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Figure 4. The KMnO4 residual in samples treated with KMnO4 and UV/KMnO4: (a) without H. akashiwo cells and (b) with H. akashiwo cells.
Figure 4. The KMnO4 residual in samples treated with KMnO4 and UV/KMnO4: (a) without H. akashiwo cells and (b) with H. akashiwo cells.
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Figure 5. The contents of photosynthetic pigments in H. akashiwo samples treated with UV, KMnO4, and UV/KMnO4: (a) chlorophyll-a and (b) carotenoids. Conditions: [KMnO4]0 = 5 mg L−1, exposure time = 0–30 min.
Figure 5. The contents of photosynthetic pigments in H. akashiwo samples treated with UV, KMnO4, and UV/KMnO4: (a) chlorophyll-a and (b) carotenoids. Conditions: [KMnO4]0 = 5 mg L−1, exposure time = 0–30 min.
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Figure 6. The contents of (a) total soluble protein, (b) SOD, (c) CAT, and (d) MDA in the H akashiwo samples treated with UV, KMnO4, and UV/KMnO4. Conditions: [KMnO4]0 = 5 mg L−1, exposure time = 0–30 min.
Figure 6. The contents of (a) total soluble protein, (b) SOD, (c) CAT, and (d) MDA in the H akashiwo samples treated with UV, KMnO4, and UV/KMnO4. Conditions: [KMnO4]0 = 5 mg L−1, exposure time = 0–30 min.
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Figure 7. The impacts of various factors on the Rs of algal samples during the self-settling process in: (a) after KMnO4 treatments ([KMnO4]0 = 5 mg L−1, exposure time = 10–30 min); (b) after UV/KMnO4 treatments ([KMnO4]0 = 5 mg L−1, exposure time = 10–30 min); (c) after KMnO4 treatments ([KMnO4]0 = 3–7 mg L−1, exposure time = 20 min); (d) after UV/KMnO4 treatments ([KMnO4]0 = 3–7 mg L−1, exposure time = 20 min); (e) addition of humic acid in KMnO4 treatments ([KMnO4]0 = 5 mg L−1, exposure time = 20 min, [humic acid]0 = 5–10 mg L−1); (f) addition of humic acid in UV/KMnO4 treatments ([KMnO4]0 = 5 mg L−1, exposure time = 20 min, [humic acid]0 = 5–10 mg L−1).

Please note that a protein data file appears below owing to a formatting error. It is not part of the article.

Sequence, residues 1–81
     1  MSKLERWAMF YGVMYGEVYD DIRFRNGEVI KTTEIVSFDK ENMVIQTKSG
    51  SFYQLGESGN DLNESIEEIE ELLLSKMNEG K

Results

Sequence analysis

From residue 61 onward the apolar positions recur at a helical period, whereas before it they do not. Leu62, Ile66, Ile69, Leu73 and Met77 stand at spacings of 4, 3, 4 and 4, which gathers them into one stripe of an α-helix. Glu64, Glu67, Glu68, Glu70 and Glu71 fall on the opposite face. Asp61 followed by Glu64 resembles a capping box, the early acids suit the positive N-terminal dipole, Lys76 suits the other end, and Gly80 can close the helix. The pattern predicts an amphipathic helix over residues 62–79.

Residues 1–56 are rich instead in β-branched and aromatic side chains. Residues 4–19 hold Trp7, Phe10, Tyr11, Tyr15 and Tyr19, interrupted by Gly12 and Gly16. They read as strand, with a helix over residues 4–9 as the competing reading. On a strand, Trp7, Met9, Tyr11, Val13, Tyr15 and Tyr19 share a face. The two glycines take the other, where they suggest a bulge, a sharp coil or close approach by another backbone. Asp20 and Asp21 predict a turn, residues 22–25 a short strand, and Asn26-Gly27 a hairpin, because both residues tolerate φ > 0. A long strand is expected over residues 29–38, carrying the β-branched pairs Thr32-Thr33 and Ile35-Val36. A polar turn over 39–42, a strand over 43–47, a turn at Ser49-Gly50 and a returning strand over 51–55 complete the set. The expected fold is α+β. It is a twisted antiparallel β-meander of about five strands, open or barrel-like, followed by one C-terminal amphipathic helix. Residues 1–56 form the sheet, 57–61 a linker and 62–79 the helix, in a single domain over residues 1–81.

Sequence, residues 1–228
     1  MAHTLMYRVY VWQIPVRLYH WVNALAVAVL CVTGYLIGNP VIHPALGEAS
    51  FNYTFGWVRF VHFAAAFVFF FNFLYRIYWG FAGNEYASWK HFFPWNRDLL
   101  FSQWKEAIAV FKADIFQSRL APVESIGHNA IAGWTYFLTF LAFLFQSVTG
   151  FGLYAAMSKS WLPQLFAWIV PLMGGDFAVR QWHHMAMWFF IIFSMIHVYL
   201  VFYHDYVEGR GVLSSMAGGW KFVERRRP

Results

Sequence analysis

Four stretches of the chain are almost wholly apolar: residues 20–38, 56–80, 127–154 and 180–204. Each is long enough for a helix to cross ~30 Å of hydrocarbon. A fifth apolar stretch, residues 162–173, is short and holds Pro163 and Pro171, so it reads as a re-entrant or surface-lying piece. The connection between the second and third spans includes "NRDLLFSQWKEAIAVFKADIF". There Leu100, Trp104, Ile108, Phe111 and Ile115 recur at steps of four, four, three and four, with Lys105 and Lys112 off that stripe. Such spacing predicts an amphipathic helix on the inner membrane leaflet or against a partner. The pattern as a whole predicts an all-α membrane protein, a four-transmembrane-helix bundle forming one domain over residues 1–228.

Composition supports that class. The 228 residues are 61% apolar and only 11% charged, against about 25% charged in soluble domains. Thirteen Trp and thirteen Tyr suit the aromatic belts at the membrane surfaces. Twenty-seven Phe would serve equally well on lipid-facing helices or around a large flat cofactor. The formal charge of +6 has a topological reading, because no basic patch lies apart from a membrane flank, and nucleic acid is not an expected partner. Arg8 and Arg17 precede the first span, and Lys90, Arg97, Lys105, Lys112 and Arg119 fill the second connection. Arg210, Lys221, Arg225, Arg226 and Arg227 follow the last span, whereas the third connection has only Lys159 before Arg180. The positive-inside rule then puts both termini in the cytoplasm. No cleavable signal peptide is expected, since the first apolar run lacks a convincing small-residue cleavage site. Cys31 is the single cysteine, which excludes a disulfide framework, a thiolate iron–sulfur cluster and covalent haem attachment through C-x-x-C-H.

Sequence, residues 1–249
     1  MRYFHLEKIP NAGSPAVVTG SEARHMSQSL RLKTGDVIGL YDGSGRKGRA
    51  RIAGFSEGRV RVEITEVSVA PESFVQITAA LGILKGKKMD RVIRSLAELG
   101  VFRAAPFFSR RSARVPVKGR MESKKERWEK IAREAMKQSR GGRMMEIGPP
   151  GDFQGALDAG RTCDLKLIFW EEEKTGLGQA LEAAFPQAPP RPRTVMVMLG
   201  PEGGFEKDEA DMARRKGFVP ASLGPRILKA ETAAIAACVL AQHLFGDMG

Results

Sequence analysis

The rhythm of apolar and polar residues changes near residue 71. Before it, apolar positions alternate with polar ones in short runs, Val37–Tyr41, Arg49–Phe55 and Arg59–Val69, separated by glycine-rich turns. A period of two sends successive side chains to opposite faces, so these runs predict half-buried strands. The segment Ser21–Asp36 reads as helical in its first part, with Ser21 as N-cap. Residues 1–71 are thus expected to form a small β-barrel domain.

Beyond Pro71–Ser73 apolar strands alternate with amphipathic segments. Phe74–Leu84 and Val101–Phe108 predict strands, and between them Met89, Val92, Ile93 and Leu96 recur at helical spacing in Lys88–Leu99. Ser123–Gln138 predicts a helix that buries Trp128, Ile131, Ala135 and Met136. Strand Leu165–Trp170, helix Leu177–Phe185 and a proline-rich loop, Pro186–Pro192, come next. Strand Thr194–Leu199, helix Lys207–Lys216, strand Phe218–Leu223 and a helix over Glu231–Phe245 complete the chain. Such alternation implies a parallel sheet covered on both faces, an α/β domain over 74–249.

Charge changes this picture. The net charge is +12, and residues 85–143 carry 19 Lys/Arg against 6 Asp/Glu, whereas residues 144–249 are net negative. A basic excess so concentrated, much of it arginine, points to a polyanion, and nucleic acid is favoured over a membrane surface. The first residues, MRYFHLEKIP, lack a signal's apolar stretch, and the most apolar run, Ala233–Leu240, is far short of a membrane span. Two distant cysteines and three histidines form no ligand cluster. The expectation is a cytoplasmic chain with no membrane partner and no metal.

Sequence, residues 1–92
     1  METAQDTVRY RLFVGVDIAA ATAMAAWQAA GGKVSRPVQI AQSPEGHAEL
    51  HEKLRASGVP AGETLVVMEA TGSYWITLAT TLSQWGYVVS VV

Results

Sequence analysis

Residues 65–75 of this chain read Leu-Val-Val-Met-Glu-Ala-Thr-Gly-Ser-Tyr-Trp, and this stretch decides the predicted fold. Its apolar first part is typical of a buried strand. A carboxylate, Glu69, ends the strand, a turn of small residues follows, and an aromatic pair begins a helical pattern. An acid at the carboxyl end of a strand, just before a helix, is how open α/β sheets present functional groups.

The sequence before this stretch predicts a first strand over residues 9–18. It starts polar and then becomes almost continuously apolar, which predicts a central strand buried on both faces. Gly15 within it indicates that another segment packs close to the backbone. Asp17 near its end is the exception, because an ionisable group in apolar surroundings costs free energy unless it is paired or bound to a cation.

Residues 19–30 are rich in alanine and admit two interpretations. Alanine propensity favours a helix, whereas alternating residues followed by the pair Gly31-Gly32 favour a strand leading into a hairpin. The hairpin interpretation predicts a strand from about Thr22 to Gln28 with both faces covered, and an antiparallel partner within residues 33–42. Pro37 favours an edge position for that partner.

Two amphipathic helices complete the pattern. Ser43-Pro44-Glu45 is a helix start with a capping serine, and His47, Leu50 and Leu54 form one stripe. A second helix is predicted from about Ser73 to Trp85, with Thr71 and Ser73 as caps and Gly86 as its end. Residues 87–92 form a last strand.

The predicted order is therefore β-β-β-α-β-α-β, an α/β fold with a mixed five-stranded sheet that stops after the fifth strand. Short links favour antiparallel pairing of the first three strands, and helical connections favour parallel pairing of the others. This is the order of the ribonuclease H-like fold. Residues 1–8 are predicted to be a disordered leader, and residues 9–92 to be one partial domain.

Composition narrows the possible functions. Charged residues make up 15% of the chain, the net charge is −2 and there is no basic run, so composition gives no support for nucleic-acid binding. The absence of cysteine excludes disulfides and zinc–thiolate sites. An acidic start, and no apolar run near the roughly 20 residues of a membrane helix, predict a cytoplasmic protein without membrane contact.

Figure 7. The impacts of various factors on the Rs of algal samples during the self-settling process in: (a) after KMnO4 treatments ([KMnO4]0 = 5 mg L−1, exposure time = 10–30 min); (b) after UV/KMnO4 treatments ([KMnO4]0 = 5 mg L−1, exposure time = 10–30 min); (c) after KMnO4 treatments ([KMnO4]0 = 3–7 mg L−1, exposure time = 20 min); (d) after UV/KMnO4 treatments ([KMnO4]0 = 3–7 mg L−1, exposure time = 20 min); (e) addition of humic acid in KMnO4 treatments ([KMnO4]0 = 5 mg L−1, exposure time = 20 min, [humic acid]0 = 5–10 mg L−1); (f) addition of humic acid in UV/KMnO4 treatments ([KMnO4]0 = 5 mg L−1, exposure time = 20 min, [humic acid]0 = 5–10 mg L−1).
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Zeng, J.; Chen, X.; Jin, S.; Fan, J. Efficient Inactivation and Removal of a Harmful Marine Algae—Heterosigma akashiwo—By UV-Assisted Permanganate Oxidation. Water 2023, 15, 3633.

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Zeng J, Chen X, Jin S, Fan J. Efficient Inactivation and Removal of a Harmful Marine Algae—Heterosigma akashiwo—By UV-Assisted Permanganate Oxidation. Water. 2023; 15(20):3633.

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Zeng, Jianwei, Xuegang Chen, Shidi Jin, and Jiajia Fan. 2023. "Efficient Inactivation and Removal of a Harmful Marine Algae—Heterosigma akashiwo—By UV-Assisted Permanganate Oxidation" Water 15, no. 20: 3633.